Eat a Peach

I did not want to hear what I knew would be bad news. But she delivered the feared message anyway. The lady at the farmers market from whom I'd been buying perfect peaches from for the last month nonchalantly announced that this would be her last market for the season. No more perfect peaches until next year. Sad news indeed.

These peaches were so juicy and sweet that I had to eat them over the sink. I would savor every morsel down to the pit then wash my sticky hands as I contemplated eating another. With each luscious bite of these delicate wonders I thought with pity about all the pastry chefs in the world. It must be hard on them to realize that with all their years of training and talent that nothing they can conjure up can surpass the pleasure of an unadorned perfectly ripe peach. Any addition would actually be a subtraction distracting from the purity and lush layered flavors of my simple peach.

When Mother Nature delivers perfection to you, you should leave it well enough alone. When something is perfect any additions only take away from that perfection. We don't add movements to Beethoven's Fifth, add another chapter to Moby Dick or splash some more paint on a Jackson Pollock. Yet when it comes to food and wine we can't seem to resist. More is not always better.

In 1984 my tastebuds received enlightenment, but it was not from a wine, it was a peach. In that year I had been invited by Neil and Maria Empson to join them on a tour of all the wineries in their Italian portfolio. This experience was a culinary and vinous voyage of discovery. I was immersed in amazing wines, foods and people for the better part of a month in an unparalleled educational opportunity. Yet among all of those incredible taste experiences the one that sticks to me the most is a single perfect peach. We were having one of those idyllic Italian lunches on a gorgeous day in Piemonte with Bepe and Tino Colla. In the Italian way, fruit was served instead of dessert. I don't know if it was the peach or the growing enlightenment of my tasting ability, but this beautiful white Italian peach seemed to just explode on my palate. My mouth still waters just writing about it over thirty years later. Each time I have a peach, my mind goes back to that table. I am always trying to return to that experience of a single unadorned peach.

Now it's September in the the Applegate Valley of Southern Oregon and it has been literally a picture perfect growing season. While harvest is coming to an end in California and well underway in the Willamette Valley, we are just getting started in our Siskiyou mountain vineyards and only the first fruit destined for rosé has arrived at the winery. The fruit on the vines looks perfect. What should you do with perfect fruit? Simply as little as possible.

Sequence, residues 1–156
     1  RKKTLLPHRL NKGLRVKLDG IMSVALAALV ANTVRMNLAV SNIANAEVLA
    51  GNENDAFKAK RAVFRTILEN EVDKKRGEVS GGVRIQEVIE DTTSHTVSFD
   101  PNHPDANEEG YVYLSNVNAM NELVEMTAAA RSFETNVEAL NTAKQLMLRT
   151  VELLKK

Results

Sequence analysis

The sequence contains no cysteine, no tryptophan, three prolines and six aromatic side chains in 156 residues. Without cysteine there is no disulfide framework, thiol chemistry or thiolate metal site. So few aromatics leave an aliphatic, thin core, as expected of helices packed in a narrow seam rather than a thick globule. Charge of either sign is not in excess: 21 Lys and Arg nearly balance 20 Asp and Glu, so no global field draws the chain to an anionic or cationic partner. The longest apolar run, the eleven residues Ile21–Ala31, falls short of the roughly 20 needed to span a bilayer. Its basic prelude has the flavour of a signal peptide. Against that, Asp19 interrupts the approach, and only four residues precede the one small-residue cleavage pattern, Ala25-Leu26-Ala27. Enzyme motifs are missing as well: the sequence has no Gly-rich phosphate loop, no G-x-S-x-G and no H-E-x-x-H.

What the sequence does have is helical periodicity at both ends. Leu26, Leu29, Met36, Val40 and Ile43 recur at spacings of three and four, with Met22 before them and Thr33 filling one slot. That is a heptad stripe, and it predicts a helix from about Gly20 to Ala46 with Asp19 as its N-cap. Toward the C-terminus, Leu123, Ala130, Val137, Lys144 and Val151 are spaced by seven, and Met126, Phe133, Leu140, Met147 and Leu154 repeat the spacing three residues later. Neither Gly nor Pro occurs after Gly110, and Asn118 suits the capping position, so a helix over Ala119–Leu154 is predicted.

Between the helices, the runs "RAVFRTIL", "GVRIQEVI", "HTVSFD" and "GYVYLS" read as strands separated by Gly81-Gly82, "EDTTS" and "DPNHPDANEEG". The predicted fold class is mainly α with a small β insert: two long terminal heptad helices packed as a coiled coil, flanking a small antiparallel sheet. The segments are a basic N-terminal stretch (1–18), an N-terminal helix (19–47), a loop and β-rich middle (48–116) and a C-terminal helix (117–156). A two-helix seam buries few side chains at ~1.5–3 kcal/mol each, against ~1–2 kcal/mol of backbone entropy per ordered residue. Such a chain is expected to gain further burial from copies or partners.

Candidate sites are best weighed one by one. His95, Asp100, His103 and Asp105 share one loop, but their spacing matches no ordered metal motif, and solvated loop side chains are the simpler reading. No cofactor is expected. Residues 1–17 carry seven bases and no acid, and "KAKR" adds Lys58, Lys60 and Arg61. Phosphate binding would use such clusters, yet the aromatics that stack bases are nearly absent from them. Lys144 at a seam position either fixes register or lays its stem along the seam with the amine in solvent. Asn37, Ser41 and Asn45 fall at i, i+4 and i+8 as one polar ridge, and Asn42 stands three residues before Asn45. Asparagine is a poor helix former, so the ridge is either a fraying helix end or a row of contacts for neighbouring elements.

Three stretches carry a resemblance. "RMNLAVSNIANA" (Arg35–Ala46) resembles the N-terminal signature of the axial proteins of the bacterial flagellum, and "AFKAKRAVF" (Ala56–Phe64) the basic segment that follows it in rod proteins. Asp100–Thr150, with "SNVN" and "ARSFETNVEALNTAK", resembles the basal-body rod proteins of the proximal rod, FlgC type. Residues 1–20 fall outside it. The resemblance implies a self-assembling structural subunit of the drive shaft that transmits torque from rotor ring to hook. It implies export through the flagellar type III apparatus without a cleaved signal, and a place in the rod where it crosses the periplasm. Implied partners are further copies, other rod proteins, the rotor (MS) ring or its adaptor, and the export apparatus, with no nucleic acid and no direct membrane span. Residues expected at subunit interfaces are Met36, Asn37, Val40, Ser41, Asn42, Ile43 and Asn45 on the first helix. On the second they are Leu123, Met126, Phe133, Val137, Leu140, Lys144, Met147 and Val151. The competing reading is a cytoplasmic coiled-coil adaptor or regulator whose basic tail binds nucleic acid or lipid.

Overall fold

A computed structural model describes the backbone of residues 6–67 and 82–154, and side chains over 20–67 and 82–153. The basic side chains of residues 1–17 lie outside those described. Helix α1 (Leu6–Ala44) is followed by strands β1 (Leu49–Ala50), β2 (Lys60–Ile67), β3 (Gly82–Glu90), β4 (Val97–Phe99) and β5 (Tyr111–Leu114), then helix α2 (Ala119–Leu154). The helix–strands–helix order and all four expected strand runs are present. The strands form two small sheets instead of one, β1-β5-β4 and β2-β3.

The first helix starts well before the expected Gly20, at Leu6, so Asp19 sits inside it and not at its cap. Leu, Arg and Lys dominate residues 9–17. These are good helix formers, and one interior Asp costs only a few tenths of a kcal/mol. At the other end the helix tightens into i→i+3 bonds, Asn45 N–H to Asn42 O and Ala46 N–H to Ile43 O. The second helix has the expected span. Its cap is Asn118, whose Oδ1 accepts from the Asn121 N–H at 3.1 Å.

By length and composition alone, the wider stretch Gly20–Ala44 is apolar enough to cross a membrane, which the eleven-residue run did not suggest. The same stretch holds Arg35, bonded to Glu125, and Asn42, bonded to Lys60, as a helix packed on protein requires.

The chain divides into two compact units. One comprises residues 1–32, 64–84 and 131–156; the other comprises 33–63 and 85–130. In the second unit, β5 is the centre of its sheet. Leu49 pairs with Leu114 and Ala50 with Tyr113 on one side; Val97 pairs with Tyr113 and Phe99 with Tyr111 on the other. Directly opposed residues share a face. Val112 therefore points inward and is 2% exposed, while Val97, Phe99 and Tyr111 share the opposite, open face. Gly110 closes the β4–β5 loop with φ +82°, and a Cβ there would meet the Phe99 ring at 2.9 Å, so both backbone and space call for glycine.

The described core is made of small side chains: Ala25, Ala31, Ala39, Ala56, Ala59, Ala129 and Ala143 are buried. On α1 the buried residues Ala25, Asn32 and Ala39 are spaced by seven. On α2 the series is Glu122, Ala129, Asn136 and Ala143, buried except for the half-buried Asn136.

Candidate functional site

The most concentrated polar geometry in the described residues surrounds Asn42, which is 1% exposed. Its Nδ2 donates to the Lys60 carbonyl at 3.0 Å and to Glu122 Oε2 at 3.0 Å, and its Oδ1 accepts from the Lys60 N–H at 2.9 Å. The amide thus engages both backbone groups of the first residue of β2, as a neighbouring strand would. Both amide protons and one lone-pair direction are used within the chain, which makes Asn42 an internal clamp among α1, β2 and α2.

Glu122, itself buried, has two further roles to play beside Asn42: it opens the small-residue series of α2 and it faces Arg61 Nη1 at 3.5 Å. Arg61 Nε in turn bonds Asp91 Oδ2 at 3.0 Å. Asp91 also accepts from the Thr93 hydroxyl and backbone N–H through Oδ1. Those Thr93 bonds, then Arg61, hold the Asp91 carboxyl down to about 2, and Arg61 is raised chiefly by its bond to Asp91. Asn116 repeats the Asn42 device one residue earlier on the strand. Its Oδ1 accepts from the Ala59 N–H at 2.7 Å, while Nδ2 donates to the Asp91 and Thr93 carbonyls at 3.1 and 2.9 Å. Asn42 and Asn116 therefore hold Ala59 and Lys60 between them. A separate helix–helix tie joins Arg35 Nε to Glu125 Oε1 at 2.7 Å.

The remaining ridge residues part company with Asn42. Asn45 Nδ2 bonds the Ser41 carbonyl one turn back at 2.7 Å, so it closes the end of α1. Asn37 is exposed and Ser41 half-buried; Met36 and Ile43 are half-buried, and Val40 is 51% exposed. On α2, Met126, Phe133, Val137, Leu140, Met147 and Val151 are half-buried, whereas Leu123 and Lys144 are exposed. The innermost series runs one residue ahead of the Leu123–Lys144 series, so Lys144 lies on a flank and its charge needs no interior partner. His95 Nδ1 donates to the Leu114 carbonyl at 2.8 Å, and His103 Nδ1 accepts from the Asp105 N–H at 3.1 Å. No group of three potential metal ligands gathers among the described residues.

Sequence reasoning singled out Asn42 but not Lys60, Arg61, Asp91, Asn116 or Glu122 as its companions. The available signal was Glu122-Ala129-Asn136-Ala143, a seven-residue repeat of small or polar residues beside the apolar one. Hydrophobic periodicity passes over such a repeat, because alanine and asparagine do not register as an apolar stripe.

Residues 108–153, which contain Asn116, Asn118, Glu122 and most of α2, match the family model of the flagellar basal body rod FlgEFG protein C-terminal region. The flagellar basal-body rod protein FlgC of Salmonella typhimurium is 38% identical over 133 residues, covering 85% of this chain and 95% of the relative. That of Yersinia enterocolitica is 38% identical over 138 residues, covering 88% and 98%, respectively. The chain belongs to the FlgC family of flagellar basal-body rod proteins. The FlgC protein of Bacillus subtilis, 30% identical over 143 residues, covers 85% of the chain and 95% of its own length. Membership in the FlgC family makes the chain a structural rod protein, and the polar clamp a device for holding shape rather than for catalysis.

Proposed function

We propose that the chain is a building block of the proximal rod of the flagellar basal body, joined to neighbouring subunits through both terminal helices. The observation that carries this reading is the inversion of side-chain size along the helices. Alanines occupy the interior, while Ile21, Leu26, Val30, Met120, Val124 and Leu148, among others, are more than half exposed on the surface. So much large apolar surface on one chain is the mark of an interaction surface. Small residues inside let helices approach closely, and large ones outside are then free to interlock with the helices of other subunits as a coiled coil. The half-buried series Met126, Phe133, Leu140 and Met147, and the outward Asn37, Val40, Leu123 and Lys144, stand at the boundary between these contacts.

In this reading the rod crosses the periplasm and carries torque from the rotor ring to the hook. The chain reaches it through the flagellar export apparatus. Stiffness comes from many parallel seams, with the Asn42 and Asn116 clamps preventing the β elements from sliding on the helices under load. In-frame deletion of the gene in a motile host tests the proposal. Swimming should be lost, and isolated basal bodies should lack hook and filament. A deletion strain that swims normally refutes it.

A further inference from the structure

At Troon Vineyard the bins of fruit come in and we tread them by foot - red, white and rosé. Then we let the native yeasts start the natural process of fermentation in well used French Oak barrels. Anything we try to add will only take away as nature is only asking us to be stewards of the wine in its voyage from the vine to the bottle. In winemaking we should always be asking ourselves not what we can do, but only what we absolutely have to do.

As I roll my last perfect peach of the season in my hands it is clear to me that the sublime is to be found only in purity. Simplicity is not the same as simple. With focus and clarity the true complexities of experience can only be relished when the extraneous distractions of the world are either removed, or perhaps, more importantly, never added. For me this is the real definition of "natural winemaking".

Tonight after dinner I will savor one last perfect peach. I can't think of a better preparation for harvest 2016.

Swearing Like an Italian

I'm a unabashed fan of Luca Currado and his wines at Vietti. I had the pleasure of spending hours tasting through his cellar with him when I lived in Italy. He is a thoughtful and talented winemaker making extraordinary wines. Do not miss the current interview with Luca on I'll Drink to That with Levy Dalton, the consistantly excellent wine podcast. You can find it here.

In Italy, swearing is an artform as compared to English, where it is usually simply vulgar. In Italian swearing decorates the language adding life, spice and personality. In this interview, Luca leads us on a educational tour of this Italian artform. It's a delight!

The Vietti family story is very compelling and this interview touches on the entire modern history of winemaking in Piemonte, beautifully told by the colorful and delightful Luca Currado.